Unfortunately, because our dogs can’t talk, it can be more challenging to figure out what may be making them want to eat their poop. Isolation and confinement, anxiety, and attention-seeking can all lead to issues with coprophagia and will likely need to be addressed by an animal behaviorist. 

Focus on Your Dog’s Hydration Status

We pay a lot of attention to our dog’s diet, mainly because we’re the ones who feed them. 

We choose their food carefully, measure it out, and watch to make sure they eat it all. But when was the last time you watched to see how much your dog is drinking? Sure, you fill their water bowl up when it needs it, but do you know if your dog is drinking enough to stay hydrated?

A good general rule of thumb is that your dog should be drinking about an ounce of water for each pound of body weight. For example, a dog who weighs 50 pounds should drink about 50 ounces of water every day. That’s just over six cups of water. Instead of just filling up the bowl, measure it out at the beginning of the day and see if they finish it all by the time you go to bed. 

If your dog doesn’t drink enough water, there is far more of a chance that they will experience constipation at some point. Dehydration can also cause other health issues, as water is needed for every part of the body to function. Some dogs may need encouragement to drink more water, like a pet fountain or adding water to their food.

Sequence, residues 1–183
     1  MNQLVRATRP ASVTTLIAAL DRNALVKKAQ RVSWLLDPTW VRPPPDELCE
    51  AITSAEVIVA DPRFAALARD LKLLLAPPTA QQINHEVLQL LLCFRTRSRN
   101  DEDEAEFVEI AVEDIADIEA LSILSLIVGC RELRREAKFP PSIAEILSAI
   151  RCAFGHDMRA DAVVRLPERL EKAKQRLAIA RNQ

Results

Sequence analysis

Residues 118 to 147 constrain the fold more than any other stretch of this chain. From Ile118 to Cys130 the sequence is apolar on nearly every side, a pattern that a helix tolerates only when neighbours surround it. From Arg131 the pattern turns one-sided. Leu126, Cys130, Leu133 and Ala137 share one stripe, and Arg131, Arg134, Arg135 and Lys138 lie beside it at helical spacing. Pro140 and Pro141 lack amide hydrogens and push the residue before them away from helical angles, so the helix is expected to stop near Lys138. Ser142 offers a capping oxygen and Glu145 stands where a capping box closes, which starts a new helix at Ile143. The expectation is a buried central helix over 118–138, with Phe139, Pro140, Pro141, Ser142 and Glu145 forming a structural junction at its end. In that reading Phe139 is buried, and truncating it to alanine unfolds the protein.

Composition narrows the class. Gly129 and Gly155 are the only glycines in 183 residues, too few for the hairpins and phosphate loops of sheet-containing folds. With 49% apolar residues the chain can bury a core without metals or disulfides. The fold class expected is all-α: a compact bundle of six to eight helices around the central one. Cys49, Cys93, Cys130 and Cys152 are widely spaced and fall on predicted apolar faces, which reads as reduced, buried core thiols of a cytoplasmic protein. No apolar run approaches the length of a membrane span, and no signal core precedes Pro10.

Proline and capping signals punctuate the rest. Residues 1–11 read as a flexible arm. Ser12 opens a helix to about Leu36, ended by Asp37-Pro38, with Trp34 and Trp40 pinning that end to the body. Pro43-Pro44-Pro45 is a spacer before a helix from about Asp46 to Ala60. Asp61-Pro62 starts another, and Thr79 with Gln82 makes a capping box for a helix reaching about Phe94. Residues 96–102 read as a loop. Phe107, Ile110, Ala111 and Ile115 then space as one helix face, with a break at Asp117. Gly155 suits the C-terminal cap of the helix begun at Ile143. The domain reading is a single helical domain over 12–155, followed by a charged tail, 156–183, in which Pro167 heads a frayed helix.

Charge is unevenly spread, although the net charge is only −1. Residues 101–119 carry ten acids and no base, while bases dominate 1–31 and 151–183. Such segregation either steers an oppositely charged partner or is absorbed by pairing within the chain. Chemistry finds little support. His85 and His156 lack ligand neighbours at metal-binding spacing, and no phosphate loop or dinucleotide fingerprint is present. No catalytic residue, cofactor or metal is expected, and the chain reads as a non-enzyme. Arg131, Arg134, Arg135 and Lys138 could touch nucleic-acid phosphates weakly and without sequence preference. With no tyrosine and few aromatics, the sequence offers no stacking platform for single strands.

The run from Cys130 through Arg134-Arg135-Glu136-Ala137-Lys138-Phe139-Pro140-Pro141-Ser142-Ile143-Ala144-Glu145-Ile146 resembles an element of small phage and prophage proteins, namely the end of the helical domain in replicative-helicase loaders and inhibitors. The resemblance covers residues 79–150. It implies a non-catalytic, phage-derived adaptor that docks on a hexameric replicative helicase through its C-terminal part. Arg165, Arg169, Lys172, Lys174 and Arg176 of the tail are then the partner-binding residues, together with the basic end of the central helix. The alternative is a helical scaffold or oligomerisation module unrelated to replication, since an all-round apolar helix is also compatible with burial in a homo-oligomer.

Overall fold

To Wrap Up

A pooping dog is the last thing most of us want to think about. However, as a pet owner, it’s crucial that you have at least some idea of your dog’s regular bowel habits. This gives you a standard to compare any abnormalities to so that you can get your dog any appropriate treatment that they may need. 

After all, we all want to have our dogs around as long as possible, and early intervention is one of the ways you can help guarantee that. Stick with Finn for more information on helping your dog live their best life.


Introduction to Digestive Disorders of Dogs - Dog Owners | Merck Veterinary Manual 

Diarrhea – Veterinary Teaching Hospital | WSU 

Behavioral Problems of Dogs - Behavior | Merck Veterinary Manual